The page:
What is fascism?
Behind this phrase lies a particular interpretation of fascism which is in no way limited to people who use the word "Islamofascism". Much of what fascist movements did and wanted to achieve was limited to their local contexts - this is obviously inherent in their nationalist nature - but there were certain characteristics which made a movement obviously "fascist". On the other hand, some of the characteristics that people seem to have in mind when they use the term "Islamofascism" were really limited to Nazism, which was in many ways in a class of its own. This problem, which is inherent in the phrase (I doubt anybody is going to suggest "Islamonazism"), ought to be remembered.
The things that people have in mind about fascism when they use the phrase Islamofascism aren't things like the close alliance between the state and industry under a fascist system, or Hitler's wars of conquest, or even the close alliance between fascists in places like Spain with Christian Churches. These were, in a way, pieces of local colour. It's more about a number of related factors which boil down to who the fascists were, what it was that really pissed them off enough for them to seize power and start killing people, their specific end-goals (particularly in the case of the Nazis), and the often-underrated matter of the aesthetics of fascism.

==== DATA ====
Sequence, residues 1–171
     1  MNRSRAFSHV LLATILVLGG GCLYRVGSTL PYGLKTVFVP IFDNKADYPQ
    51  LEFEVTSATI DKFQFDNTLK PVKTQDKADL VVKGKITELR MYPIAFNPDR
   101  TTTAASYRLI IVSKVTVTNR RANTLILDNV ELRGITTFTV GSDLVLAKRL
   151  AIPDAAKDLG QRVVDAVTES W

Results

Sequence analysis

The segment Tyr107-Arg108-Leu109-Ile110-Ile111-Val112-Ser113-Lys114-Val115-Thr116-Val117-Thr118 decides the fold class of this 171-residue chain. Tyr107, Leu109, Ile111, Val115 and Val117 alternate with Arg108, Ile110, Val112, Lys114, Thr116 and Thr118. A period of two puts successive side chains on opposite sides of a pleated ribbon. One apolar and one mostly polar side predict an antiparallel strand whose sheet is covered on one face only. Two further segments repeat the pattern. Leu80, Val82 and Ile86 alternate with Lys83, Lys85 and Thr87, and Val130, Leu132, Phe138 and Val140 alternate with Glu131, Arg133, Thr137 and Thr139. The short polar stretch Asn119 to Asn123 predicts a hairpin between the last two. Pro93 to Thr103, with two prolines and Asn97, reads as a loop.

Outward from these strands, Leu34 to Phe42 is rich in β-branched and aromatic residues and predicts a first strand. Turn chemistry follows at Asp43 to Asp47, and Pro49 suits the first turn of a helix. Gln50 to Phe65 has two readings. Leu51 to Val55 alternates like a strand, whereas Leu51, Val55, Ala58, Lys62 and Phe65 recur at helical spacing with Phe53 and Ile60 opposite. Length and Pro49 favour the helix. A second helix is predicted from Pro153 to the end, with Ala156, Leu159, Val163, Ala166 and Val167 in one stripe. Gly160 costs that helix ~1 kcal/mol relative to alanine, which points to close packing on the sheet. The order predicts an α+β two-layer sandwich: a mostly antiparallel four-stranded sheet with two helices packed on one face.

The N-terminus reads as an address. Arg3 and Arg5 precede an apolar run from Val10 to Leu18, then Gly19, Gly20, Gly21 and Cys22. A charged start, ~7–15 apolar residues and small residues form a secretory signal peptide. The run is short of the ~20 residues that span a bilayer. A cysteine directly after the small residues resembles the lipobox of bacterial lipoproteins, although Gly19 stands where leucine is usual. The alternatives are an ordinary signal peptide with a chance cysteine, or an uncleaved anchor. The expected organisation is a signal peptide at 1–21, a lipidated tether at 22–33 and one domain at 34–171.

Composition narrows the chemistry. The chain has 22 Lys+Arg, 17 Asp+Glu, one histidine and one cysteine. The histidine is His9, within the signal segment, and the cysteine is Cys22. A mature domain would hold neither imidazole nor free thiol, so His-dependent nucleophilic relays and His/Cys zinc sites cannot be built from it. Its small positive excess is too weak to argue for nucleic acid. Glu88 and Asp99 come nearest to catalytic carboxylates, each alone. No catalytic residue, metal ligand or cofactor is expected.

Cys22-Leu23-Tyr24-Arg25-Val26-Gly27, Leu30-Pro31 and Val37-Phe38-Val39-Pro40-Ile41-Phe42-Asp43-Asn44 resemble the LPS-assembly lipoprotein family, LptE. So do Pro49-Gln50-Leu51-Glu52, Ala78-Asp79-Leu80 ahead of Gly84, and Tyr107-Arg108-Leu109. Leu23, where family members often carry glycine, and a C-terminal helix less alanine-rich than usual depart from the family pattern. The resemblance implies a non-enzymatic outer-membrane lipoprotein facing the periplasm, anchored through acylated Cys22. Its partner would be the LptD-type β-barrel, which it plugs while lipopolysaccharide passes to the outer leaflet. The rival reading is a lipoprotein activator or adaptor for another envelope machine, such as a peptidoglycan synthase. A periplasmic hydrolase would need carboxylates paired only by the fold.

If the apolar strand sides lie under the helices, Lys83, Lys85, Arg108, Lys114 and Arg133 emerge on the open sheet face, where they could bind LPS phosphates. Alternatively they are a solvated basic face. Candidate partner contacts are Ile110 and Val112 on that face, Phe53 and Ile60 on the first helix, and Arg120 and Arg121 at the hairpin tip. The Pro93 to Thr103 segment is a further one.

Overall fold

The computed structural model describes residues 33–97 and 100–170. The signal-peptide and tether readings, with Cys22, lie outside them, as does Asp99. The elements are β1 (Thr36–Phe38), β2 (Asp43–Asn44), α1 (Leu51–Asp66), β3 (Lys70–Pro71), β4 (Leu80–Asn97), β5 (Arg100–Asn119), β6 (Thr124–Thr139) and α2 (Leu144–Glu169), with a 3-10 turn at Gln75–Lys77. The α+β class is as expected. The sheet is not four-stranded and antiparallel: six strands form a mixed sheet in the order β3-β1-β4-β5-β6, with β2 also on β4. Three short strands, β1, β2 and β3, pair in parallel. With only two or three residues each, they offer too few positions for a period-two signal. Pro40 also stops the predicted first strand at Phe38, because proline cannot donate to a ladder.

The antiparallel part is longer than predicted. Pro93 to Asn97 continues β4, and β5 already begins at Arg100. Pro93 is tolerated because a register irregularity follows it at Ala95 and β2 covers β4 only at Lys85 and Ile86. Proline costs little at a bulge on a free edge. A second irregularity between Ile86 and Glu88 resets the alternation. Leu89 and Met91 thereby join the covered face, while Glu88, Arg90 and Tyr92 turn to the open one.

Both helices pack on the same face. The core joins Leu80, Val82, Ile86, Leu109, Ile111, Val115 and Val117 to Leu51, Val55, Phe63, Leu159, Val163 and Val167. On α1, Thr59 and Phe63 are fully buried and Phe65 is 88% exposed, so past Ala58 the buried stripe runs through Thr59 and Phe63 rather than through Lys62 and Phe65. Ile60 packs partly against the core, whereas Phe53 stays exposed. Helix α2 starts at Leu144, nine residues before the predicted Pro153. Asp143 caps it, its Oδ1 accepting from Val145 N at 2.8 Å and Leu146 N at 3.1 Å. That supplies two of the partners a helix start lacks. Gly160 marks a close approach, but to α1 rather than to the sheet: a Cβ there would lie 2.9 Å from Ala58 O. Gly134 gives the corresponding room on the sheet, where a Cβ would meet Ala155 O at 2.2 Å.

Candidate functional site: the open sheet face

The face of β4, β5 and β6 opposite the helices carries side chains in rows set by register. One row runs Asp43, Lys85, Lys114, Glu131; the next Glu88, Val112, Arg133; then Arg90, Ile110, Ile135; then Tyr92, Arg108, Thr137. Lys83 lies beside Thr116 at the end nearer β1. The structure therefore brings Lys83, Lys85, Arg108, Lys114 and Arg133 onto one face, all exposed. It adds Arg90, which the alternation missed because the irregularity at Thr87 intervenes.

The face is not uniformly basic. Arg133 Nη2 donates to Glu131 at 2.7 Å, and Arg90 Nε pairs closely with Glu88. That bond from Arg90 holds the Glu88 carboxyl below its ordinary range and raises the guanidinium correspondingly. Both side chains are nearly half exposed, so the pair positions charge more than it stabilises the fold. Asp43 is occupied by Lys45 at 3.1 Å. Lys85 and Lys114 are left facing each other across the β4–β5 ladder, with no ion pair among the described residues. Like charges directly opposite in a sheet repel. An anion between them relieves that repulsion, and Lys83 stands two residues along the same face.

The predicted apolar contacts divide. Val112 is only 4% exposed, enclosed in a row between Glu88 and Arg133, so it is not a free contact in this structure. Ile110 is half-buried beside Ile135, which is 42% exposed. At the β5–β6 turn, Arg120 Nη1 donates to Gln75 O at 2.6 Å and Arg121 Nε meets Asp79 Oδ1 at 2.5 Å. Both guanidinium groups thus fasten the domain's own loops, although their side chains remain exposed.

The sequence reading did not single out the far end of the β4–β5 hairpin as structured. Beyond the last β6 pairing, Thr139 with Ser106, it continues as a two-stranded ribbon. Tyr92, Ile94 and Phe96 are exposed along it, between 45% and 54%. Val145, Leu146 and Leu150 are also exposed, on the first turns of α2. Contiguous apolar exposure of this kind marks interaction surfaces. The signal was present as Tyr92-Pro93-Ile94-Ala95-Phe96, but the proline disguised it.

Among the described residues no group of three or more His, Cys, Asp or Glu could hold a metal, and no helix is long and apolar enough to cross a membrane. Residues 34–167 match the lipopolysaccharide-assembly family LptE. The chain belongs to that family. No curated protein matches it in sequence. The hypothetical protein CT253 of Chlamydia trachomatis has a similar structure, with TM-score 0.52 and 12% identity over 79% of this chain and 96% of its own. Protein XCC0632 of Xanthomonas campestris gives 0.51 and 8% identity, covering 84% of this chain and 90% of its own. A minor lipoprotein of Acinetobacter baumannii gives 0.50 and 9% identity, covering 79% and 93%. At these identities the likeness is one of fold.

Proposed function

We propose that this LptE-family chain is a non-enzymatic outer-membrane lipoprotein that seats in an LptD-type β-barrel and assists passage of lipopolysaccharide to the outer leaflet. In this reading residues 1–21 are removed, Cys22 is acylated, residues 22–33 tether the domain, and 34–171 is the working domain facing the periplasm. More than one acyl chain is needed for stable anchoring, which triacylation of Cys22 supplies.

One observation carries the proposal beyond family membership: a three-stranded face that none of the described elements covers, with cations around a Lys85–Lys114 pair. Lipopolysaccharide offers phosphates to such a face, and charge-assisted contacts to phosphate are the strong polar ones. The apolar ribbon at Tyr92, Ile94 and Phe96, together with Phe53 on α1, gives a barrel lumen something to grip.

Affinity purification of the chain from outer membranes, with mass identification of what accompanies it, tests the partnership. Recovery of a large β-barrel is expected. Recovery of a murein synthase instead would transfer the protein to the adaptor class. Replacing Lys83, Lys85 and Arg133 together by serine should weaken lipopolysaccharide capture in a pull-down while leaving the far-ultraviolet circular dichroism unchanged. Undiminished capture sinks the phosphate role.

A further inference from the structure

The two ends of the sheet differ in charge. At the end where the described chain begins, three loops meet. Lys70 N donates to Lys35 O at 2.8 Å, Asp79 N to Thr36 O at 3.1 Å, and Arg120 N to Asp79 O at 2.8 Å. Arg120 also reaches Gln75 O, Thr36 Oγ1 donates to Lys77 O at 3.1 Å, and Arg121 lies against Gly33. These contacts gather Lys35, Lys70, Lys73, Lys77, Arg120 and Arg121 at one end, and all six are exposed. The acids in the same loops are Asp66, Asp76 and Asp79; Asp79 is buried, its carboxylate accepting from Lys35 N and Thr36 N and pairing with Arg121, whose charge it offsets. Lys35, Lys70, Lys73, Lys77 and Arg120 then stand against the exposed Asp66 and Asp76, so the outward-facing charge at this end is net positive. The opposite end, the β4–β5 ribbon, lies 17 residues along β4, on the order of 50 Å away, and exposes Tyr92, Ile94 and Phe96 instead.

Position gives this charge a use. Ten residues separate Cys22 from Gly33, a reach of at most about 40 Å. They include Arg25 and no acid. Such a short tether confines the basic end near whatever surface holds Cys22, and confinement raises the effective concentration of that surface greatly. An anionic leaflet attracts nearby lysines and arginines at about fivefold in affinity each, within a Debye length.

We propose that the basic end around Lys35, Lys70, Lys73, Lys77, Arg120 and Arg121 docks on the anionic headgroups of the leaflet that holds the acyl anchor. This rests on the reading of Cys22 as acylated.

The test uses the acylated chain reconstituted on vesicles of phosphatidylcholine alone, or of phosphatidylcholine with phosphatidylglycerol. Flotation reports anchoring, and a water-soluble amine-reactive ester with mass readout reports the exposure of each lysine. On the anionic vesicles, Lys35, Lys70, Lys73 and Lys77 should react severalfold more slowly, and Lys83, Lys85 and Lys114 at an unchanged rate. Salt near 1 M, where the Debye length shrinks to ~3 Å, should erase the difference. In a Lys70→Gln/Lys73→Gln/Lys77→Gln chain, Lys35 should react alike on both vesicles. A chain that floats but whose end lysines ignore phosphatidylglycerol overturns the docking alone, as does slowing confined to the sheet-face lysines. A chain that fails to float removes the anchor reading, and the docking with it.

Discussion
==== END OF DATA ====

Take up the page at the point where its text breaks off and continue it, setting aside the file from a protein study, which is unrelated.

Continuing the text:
The fundamental thing about European fascism was that even though it made use of modern tools and a very modern idea of transforming society wholesale, it was rooted in a premodern irrationalism and a specific desire to return to an earlier period which was viewed as a much purer time of a united national community. The French Revolution and Jews were frequent targets because they were both viewed as the bearers of the rootless cosmopolitanism that was taken to characterize the modern age, as opposed to this allegedly purer and earlier time. Every fascist movement was sure of the ultimate superiority of its own nation, but they were all equally sure that the values of modernity - mixed-race city life, the primacy of trade and merchant values, and consensus politics - were vastly inferior to the life of the simple, insert-nation-name-here peasant.